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Vadim Fedulov, Frank W Blixt, Karin D Sörensen, Lars Edvinsson, Karin Warfvinge, Kristian Agmund Haanes; Effects of Calcitonin Gene-related Peptide on the rat ciliary artery vasodilation and retinal function. Invest. Ophthalmol. Vis. Sci. 2018;59(9):2645.
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© ARVO (1962-2015); The Authors (2016-present)
Calcitonin Gene-related Peptide (CGRP) has gained recent interest in several fields related to vascular research. While there is a growing recognition that CGRP signalling is involved in the symptoms of migraine, the effects of CGRP in the eye have not been well established. In addition, it has also been hypothesized that CGRP could be applied as a treatment retinal disease where upregulation of vasoconstrictive peptides has been well documented. We therefore set out to determine the effects of exogenous CGRP on the vasculature and the function of rat eye.
Concentration response curves to CGRP on the ophthalmic arteries from male Sprague Dawley rats were studied using a wire myograph. The effect of subconjunctival CGRP (10μl of 100 μM) on the ciliary arteries was investigated in vivo using fundus imaging. To investigate the vasoactive effect of CGRP on retina function, electroretinogram (ERG) was performed. Immunohistochemistry was applied to visualize the innervation of the ciliary and ophthalmic artery.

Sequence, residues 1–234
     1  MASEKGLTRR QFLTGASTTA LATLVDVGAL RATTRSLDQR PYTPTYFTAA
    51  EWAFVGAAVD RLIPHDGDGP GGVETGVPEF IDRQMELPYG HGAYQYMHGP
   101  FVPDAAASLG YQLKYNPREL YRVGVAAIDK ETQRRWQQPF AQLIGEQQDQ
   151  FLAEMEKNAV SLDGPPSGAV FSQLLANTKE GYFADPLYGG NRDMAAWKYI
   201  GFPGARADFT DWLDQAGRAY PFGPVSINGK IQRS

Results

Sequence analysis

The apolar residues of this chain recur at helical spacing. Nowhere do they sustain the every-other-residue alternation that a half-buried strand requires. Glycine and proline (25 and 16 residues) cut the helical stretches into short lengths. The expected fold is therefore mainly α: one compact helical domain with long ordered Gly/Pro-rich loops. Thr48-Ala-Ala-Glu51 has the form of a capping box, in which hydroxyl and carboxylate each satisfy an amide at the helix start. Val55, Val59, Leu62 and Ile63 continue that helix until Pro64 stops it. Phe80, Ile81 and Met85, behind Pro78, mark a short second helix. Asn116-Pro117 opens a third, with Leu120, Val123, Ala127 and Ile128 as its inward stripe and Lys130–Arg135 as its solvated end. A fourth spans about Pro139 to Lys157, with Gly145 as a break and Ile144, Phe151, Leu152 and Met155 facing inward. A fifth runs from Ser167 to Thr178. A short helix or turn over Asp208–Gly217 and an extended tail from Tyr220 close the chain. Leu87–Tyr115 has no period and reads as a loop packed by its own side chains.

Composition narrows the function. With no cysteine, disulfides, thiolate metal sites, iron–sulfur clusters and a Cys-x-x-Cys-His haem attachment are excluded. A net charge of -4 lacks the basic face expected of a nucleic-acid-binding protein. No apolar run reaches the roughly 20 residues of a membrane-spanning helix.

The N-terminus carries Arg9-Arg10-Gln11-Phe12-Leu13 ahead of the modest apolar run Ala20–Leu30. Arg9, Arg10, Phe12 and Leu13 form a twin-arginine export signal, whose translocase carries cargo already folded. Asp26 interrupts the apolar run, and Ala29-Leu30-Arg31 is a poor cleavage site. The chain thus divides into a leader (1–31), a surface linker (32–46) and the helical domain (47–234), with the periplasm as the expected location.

CGRP caused a strong vasodilation in the ophthalmic artery (Emax dilation 68 ± 6 %). Furthermore, CGRP caused a rapid and large vasodilation of the ciliary arteries following subconjunctival application. The functional consequence of ciliary artery vasodilation resulting from CGRP application under the conjunctiva of the eyeball was investigated in dark-adapted rats. Interestingly, the ERG data showed an average of 22 ± 9 % increase in B wave and 25 ± 5 % increase in A wave amplitudes compared to the control eye. Immunohistochemistry confirmed that CGRP fibres are found along both the ophthalmic and ciliary artery.
Based on our data, we can confirm that the ciliary and ophthalmic artery is innervated by CGRP containing fibres. Subconjunctival addition of CGRP to the rat eye resulted in dilation of ciliary artery and increased amplitudes of both the A-wave and the B-wave measured with ERG. These findings have a potential for increasing the understanding of functional consequences of modulating the vasculature of the eye. On one hand, increases in A-wave and B-wave amplitude could explain the increased photosensitivity observed in migraine patients. On the other hand, several ischemic eye disorders result from vasoconstriction of vasculature in the eye, and application of exogenous CGRP in these patients could be used as a treatment.
This is an abstract that was submitted for the 2018 ARVO Annual Meeting, held in Honolulu, Hawaii, April 29 - May 3, 2018.
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